This CLE webinar will address how employers can craft enforceable workplace drug policies and maintain random drug-testing procedures and post-accident drug-testing protocols as typically required by insurers in today's landscape of state cannabis legalization. The panel will delve into the legal pitfalls facing businesses and their counsel, as well as practical strategies to maintain a drug-free workplace while remaining in compliance with these laws and several recent cases.

Referent: Jill S. Vorobiev

Veranstaltungsart: Webinar

Startdatum / -uhrzeit:
19 May 2020
Enddatum / -uhrzeit:
19 May 2020

Thirty-three states and the District of Columbia have now legalized/decriminalized the use of cannabis for recreational or medicinal use. Employers should verify that their workplace drug policies contemplate new and changing prescription drug laws. Counsel should inform clients of potential interactions between an employment policy on workers' use of such substances and ADA, FMLA, or other legal requirements.

During the first wave of employment cases concerning cannabis use since legalization began, the courts tended to side with employers. Both California and Colorado courts ruled that employers were within their rights to terminate employees who tested positive or used marijuana in violation of a company policy of a "drug-free workplace" or "zero tolerance." The tide has turned in several states, including Arizona and Delaware, where state supreme courts have ruled that employers had wrongfully terminated employees who were registered medical cannabis users under state laws, but failed workplace drug tests.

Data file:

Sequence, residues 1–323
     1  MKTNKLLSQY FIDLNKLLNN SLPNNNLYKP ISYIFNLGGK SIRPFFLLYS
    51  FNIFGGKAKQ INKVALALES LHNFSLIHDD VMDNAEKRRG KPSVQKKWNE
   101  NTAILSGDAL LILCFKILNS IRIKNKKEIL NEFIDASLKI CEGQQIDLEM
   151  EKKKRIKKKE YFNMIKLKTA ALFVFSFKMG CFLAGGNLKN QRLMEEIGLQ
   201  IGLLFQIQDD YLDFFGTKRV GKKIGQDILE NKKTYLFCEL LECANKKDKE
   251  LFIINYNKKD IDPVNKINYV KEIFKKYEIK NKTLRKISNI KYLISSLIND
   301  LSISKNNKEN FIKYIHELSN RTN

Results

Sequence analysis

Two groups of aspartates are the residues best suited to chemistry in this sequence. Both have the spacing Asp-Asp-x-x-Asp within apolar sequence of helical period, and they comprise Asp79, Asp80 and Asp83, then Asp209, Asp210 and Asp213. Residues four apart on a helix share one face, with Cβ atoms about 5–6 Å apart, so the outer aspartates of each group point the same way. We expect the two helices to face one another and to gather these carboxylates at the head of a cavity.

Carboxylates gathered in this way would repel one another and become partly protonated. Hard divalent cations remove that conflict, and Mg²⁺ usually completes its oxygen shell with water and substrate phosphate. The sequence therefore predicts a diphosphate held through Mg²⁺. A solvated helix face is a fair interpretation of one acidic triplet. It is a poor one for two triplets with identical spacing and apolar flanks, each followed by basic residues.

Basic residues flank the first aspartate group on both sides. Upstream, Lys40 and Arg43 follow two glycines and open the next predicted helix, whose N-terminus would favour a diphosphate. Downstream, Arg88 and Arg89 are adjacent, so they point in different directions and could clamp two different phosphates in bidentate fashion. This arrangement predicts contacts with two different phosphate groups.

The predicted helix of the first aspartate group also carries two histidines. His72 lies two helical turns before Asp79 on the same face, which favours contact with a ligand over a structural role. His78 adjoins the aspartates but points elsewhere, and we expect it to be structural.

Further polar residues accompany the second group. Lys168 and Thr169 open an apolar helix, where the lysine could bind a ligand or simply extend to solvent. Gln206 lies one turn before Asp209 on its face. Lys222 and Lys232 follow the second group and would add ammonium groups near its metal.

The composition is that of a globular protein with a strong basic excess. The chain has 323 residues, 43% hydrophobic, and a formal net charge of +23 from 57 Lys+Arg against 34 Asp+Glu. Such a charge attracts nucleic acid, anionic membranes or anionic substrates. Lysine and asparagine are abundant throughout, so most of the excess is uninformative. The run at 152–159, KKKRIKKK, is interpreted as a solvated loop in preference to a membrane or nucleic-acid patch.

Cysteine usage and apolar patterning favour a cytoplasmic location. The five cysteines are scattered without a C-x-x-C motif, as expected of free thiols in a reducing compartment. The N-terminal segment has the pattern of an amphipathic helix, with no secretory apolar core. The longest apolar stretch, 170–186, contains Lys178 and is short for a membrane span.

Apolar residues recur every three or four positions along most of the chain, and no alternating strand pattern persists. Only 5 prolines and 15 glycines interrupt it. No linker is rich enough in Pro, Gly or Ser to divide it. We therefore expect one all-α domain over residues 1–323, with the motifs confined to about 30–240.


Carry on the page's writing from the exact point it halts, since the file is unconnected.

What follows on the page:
Employers should consider whether asking job applicants to submit to drug testing during the hiring process is appropriate and decide whether a candidate's positive cannabis test result is a reasonable bar to employment. An employer may apply a higher level of scrutiny on drug use by candidates for safety-sensitive positions and bar impaired employees from work due to legal or illegal substance abuse. Still, employers must transparently and consistently enforce those policies.

Additionally, employers must be aware of the limitations of cannabis testing. While breathalyzers can reveal whether a worker is under the influence of alcohol at the time of the test, cannabis tests can only indicate whether the worker has used such substances in the recent days or weeks, which may be legal in the state. If a worker has a valid prescription to use these substances, then employers must navigate particularly tricky situations.

Listen as our expert panel discusses current national trends in medical cannabis and wrongful termination cases, as well as business costs of excluding potential employees for cannabis use. The panel will offer best practices for structuring workplace drug policies that not only optimize a business workforce but maintain compliance with state and federal laws.

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